- Ukraine and its allies in the West need to act to weaken Russia in order to deter it from launching any kind of attack on Ukraine, its former president said.
- "Ukraine needs to weaken Russia," in three ways, Petro Poroshenko said.
- He suggested that the West should target its gas pipeline Nord Stream 2 and arm Ukraine further.
Ukraine and its allies in the West need to act to weaken Russia in order to deter it from launching any kind of attack on the country, the former president of Ukraine told CNBC, listing three key ways that this could be done.
"What does Ukraine need now, the most?" Petro Poroshenko told CNBC on Thursday, "Ukraine needs to weaken Russia."
Firstly, in order to achieve this, Poroshenko told CNBC's Hadley Gamble in Kyiv, the West needed "to make Russia weaker" by sanctioning its giant gas pipeline project that's aimed at bringing Russian natural gas to Europe, bypassing Ukraine and denying it much-needed gas transit revenue in the process.
Poroshenko insisted that "Nord Stream 2 is not an economic or energy [project], this is completely a security project which has undermined Western unity and which can attack Ukraine and many many others."
"Point number two, make Ukraine stronger," Poroshenko said, which could be done by the West by increasing its supply of weapons to Ukraine, and by motivating economic growth.
Mainly, however, Poroshenko said the West needed to "increase the price that Russia will pay if [Russian President] Putin makes an absolutely crazy decision to continue the large-scale operation against Ukraine. So stronger Ukraine, increase the price and this is the shortest way to peace."
Thirdly, Ukraine's "resilience" needed to be increased, he said, by carrying out a raft of reforms within the country.
"We need ... to continue the reforms that were launched by my team, reforms of the security sector, economic reform, judicial reform, and to make Ukraine more understandable and more predictable for the Western world," he said, adding that Kyiv needed to make more of an effort to tackle endemic corruption.
'Don't trust Putin'
The comments from Poroshenko, who served as president of Ukraine from 2014 to 2019, come as the world watches how ongoing tensions between Ukraine and Russia might develop.
Russia has amassed over 100,000 troops near its border with Ukraine and has stationed forces and military hardware within its ally Belarus. The Kremlin has insisted it has no plans to invade Ukraine, however, and said its forces in Belarus are there for military drills set to take place next week.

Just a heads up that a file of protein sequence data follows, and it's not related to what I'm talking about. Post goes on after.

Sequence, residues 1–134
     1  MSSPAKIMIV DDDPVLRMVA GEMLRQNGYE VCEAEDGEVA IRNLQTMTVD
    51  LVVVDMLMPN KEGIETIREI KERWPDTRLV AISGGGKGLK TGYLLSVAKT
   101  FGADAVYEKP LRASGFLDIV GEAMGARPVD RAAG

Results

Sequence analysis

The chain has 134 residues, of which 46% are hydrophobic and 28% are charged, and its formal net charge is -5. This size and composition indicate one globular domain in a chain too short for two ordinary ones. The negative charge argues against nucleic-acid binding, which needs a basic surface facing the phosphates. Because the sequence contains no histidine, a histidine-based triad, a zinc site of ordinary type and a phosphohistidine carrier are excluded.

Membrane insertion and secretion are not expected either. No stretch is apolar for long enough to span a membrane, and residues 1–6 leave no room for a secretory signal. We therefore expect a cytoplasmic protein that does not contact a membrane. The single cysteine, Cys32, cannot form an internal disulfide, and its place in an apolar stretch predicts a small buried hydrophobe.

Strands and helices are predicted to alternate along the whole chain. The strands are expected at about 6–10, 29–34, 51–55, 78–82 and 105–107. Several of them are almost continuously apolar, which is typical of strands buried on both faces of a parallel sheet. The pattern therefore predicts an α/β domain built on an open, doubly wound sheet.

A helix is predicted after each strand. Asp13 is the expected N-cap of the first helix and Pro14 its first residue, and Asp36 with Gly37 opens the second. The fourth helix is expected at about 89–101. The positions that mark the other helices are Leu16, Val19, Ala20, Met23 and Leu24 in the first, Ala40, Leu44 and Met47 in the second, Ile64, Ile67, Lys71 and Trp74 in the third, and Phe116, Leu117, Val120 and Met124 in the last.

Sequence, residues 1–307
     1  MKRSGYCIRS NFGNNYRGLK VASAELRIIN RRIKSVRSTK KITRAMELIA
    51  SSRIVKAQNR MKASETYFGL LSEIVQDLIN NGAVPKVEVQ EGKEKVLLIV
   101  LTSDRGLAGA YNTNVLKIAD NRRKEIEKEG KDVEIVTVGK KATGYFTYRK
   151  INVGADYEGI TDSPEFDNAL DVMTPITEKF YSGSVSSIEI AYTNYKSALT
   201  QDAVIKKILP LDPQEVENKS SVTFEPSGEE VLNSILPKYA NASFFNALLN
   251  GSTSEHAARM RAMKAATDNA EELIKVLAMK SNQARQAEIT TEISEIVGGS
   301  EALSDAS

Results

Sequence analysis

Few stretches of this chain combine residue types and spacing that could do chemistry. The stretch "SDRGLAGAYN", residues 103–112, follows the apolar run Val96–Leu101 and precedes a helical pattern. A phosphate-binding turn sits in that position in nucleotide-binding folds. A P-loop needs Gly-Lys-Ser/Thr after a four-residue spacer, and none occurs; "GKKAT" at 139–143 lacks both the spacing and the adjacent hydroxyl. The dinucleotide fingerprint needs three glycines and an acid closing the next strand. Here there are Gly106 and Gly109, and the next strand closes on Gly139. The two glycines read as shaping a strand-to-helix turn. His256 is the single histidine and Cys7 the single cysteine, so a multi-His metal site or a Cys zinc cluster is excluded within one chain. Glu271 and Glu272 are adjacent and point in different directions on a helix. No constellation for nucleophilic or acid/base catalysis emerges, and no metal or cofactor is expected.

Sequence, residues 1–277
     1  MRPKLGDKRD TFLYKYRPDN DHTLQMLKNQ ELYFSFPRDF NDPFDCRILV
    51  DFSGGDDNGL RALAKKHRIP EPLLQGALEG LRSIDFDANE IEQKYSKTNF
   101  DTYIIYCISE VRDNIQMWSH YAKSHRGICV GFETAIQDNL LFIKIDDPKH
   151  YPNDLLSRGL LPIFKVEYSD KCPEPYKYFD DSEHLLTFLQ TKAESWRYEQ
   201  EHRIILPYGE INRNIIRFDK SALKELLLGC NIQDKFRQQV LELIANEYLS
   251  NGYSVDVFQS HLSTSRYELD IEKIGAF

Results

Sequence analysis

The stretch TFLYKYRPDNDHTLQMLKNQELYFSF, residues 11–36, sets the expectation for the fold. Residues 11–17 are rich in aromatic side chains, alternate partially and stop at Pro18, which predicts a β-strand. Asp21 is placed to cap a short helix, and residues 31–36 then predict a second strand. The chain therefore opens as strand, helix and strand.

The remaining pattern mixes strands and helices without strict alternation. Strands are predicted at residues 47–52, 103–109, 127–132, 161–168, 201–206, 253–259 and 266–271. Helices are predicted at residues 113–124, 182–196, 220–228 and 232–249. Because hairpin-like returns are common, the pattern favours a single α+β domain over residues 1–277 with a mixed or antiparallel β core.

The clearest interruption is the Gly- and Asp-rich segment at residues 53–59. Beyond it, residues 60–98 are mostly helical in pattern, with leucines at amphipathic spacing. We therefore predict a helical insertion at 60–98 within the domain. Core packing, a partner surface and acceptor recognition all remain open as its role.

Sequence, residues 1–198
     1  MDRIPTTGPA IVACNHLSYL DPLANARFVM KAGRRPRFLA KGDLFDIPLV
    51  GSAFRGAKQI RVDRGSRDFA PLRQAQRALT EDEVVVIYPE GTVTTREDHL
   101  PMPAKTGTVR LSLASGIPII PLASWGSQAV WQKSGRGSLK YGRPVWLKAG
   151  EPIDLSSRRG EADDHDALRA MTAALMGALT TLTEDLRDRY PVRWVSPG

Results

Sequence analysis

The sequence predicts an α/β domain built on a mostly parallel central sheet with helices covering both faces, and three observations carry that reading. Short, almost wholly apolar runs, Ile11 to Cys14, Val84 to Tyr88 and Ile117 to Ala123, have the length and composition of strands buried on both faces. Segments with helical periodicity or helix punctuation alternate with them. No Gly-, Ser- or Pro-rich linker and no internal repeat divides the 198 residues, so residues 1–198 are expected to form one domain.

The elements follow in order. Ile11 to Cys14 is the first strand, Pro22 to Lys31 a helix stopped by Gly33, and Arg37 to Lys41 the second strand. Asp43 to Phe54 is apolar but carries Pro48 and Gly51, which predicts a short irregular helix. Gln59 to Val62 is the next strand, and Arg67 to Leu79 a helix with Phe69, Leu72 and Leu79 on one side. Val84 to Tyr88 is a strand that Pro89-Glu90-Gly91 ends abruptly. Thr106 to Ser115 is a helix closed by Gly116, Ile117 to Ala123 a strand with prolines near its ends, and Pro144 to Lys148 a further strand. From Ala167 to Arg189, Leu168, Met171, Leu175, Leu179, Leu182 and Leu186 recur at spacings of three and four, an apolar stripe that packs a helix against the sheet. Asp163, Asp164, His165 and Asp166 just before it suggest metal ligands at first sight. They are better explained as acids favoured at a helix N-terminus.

NATO Secretary-General Jens Stoltenberg remarked Thursday that there had been a "significant movement" of Russian troops to Belarus in recent days, estimating that these included 30,000 combat troops, special ops forces, fighter jets including Su-35s, Iskander dual-capable missiles and S-400 missile defense systems, according to Reuters.
There is widespread distrust in Russia's motives, given its 2014 annexation of Crimea and its support for pro-Russian uprisings in eastern Ukraine, a country that has a pro-Western government and aspires to join the EU and NATO.
Poroshenko, who himself is now awaiting trial on charges of "high treason," having been accused of helping to finance pro-Russian separatists in eastern Ukraine while in office in 2014-2015 — charges he denies and which he says are "a politically motivated prosecution" pushed for by current President Volodymyr Zelenskyy — told CNBC that during his time in office he learned not to trust Putin.
"Don't trust Putin. Nothing he promised to me, nor any of his guarantees he's given to the Normandy Format [talks between Russia, Ukraine, Germany and France] have been executed," Poroshenko said.
"Secondly, don't be afraid of Putin ... because this is the only way you can reach results and thirdly, keep the unity of the Western world because the purpose of Putin is to find out the weakest point and to ruin unity."
Russia has made a series of demands to the U.S. and NATO, including guarantees that Ukraine is never allowed to become a member of the Western military alliance. These demands have been rejected by Western officials.
On Wednesday, the U.S. announced that it would move 3,000 of its troops closer to Ukraine; 2,000 troops in the U.S. are to be sent to Poland and Germany, where they will join others, and another 1,000 who are already in Europe will be moved to Romania.
Russia blasted the move as "destructive," according to reports quoting Deputy Foreign Minister Alexander Grushko, while Dmitri Peskov, Putin's spokesman, said the U.S. is "continuing to pump up tension in Europe."
He added that the deployments are "the best proof that we, as Russia, have an obvious reason to be worried," Russian state news agency TASS reported.